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In today’s Hyper scale computing environment, it is becoming increasingly imperative capital spending and power consumption has to be reined in from the perspective of the entities involved in its deployment. These are issues of paramount importance that need to be tackled to bolster the bottom line as well as project an honest image of being environmentally friendly.
Composability in Rack scale architecture is fast becoming a requirement for the Chief Information Officers (CIO) to consider on architecting their datacenters.
Some aspects of composability in the case of certain infrastructure has existed for some time in computing environments. However, it has assumed a whole new dimension with the advent of Software as a Service (SaaS) phenomenon.
This entails the infrastructure composed of resources within a Rack be able to be reconfigured to address a particular application or set of applications to be run on servers comprising a Rack. This implies the hardware resources required to run a particular application be configured to execute in an optimal manner. Upon the completion of running a particular job comes the necessity to reconfigure the infrastructure for running the next application in an optimal manner. IT professionals view this to be a nightmarish scenario because it demands painstakingly meticulous care for reconnecting plethora of cables on the port side of hardware resources in the Rack. This has users scrambling for solutions to the Composability issue.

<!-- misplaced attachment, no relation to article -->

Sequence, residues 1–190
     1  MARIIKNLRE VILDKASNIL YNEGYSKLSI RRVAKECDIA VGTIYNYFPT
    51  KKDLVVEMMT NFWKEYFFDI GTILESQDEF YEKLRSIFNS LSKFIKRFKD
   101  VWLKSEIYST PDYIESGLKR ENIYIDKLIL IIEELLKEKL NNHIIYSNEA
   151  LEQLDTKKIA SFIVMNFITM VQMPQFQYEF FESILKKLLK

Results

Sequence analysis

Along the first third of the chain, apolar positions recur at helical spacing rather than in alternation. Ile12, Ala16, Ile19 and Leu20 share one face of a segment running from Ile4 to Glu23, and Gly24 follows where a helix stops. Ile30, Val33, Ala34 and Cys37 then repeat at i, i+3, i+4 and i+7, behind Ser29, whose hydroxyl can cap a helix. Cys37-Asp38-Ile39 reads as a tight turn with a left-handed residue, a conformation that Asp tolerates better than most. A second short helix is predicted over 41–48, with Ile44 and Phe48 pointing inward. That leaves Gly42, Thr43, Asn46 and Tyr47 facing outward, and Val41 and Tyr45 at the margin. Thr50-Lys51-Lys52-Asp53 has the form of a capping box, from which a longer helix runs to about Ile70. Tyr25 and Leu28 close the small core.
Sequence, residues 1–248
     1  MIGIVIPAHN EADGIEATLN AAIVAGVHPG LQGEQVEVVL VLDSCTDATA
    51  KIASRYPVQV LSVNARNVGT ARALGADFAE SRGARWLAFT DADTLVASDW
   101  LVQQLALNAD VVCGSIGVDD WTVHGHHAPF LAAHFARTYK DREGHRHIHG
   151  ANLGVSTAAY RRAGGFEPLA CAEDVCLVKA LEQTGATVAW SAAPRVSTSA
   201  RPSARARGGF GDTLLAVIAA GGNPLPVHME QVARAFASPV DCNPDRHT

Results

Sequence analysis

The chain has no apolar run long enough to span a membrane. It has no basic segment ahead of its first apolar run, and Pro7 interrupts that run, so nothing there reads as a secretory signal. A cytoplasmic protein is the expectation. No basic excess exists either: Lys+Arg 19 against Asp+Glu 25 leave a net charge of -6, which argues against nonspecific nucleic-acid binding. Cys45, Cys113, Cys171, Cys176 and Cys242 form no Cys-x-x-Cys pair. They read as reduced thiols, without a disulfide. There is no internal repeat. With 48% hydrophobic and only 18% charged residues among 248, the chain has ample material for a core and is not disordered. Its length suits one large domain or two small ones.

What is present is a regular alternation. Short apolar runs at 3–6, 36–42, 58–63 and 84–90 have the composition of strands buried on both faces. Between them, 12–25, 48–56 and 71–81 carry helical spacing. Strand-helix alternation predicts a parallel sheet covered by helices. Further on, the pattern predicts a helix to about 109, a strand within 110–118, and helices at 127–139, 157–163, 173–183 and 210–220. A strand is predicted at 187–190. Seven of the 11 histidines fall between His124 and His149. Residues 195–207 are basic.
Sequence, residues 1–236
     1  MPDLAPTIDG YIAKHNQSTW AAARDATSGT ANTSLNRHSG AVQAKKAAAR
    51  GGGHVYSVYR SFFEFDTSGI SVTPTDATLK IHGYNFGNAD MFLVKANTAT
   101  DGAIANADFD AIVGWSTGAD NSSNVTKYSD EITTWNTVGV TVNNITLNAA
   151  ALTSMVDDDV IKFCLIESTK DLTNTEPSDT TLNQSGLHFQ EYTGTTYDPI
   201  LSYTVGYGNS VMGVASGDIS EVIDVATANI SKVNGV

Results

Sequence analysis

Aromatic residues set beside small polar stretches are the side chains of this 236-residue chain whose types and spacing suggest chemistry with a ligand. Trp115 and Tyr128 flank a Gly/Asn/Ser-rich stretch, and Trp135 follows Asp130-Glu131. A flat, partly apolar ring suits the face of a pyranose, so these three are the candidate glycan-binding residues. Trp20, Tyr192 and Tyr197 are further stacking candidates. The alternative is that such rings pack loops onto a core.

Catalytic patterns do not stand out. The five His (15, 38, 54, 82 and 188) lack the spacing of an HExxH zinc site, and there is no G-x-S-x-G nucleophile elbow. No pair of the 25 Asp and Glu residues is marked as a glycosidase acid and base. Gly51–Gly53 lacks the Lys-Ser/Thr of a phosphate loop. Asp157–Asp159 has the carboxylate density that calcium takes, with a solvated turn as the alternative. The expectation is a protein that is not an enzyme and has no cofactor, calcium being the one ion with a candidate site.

Figure 1 depicts an example of a Rack scale system made up of a variety of hardware resources. The Compute Servers are not restricted to x86 based platforms and alternately can be FPGA, ASICs with embedded SoC, and a variety of other Computing elements.
The cluster of GPUs in a traditional PCIe Expansion chassis is called JBoG.
Similarly, a cluster of NVMe drives in a traditional PCI Express (PCIe) Expansion is called JBoF.